NASA Is Inviting You to Watch the April 8 Total Solar Eclipse at the Cotton Bowl in Dallas

The free "Sun, Moon, and You" event at the Cotton Bowl in Dallas' Fair Park will offer a sky-side seat of an amazing total solar eclipse (fingers crossed for clear skies). Scientists and astronomers will be taking the stage along with space explorer characters from the PBS show "Ready, Jet, Go."

The Cotton Bowl’s 92,100 seats have offered some stunning views—from early Dallas Cowboys seasons to countless Texas-OU classics to 1994 FIFA World Cup matches to a Vietnam War POW homecoming celebration in 1973. But the most amazing sight ever will be overhead on April 8—a total solar eclipse. And NASA is inviting you to claim your free seat at the Cotton Bowl to see it all happen.

NASA is teaming up with the National Science Foundation and the National Environmental Satellite, Data, and Information Service (NESDIS) to host the free “Sun, Moon, and You” total solar eclipse event at the stadium in Dallas’ Fair Park.

From 12:23 p.m. to 3:02 p.m. Dallas time on April 8, the spectacular sight will be accompanied at the Cotton Bowl “by a dynamic lineup of speakers who will delve into the scientific marvels and cultural significance of this cosmic event,” NESDIS said. 

Free tickets will be required to attend the event. They aren’t available yet, but check back at this NESDIS web page for upcoming details.

Oh—and cross your fingers that we have clear skies on April 8, so there’s actually something to see!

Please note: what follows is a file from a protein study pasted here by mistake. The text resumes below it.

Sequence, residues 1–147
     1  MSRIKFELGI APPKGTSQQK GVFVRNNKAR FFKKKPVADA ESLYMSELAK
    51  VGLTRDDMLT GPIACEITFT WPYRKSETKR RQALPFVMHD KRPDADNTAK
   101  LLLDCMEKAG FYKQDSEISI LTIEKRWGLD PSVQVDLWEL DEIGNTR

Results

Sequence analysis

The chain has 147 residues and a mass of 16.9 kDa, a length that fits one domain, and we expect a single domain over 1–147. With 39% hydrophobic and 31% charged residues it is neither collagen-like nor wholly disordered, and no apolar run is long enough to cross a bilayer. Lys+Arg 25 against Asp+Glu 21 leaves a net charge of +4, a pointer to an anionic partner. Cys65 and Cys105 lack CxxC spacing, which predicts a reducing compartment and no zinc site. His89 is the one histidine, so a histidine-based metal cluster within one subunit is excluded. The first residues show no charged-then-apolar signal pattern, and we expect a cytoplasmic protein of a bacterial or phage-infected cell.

Cotton Bowl [File photo]

Scientists, astronomers, and PBS’ ‘Ready, Jet, Go’ team will take the stage

Scientists and astronomers will take the stage at the Cotton Bowl event along with space explorer characters from the PBS show “Ready, Jet, Go”—sharing fun facts and insights about the eclipse “in real-time.”

Promising an “interactive and educational experience for all ages,” organizers will offer sprawling tents featuring STEM-related organizations, where attendees can participate in activities and hands-on experiments. “Immerse yourself in the wonders of science and technology, surrounded by passionate professionals eager to share their knowledge and inspire curiosity,” NESDIS said.

“This year’s total solar eclipse will be at least partially visible to all in the contiguous United States, making it the most accessible eclipse this nation has experienced in this generation,” Nicola Fox, associate administrator, Science Mission Directorate at NASA headquarters in Washington, said in a statement. “There is space for everyone to join NASA in experiencing this beautiful amalgamation of our Earth, Sun and Moon in an alignment that will not only lead to new scientific discoveries, but an incredible shared moment of inspiration and awe.”

Time-lapse images of a 2017 total solar eclipse over Madras, Oregon [Photo NASA/Aubrey Gemignani]

Dallas Arboretum and others also hosting April 8 eclipse events 

Tickets for a separate NASA-hosted event at the Dallas Arboretum are already sold out, the space agency said. But as of 4 p.m. today, the Arboretum’s website said group tickets to the event were still available.

Many, many other venues in North Texas will be offering alternate ways to watch the celestial event as part of an awestruck crowd. Dallas’ AT&T Discovery District will be hosting a free downtown “citywide celebration and watch party,” with NASA’s live feed on its giant video wall.

Not far away in downtown Dallas, the AT&T Performing Arts Center will be presenting a free event called “Total Eclipse of the Arts.”

And over in Fort Worth, the Fort Worth Museum of Science and History and the Fort Worth Botanic Garden will be offering a day of eclipse activities and space science, free with general admission.

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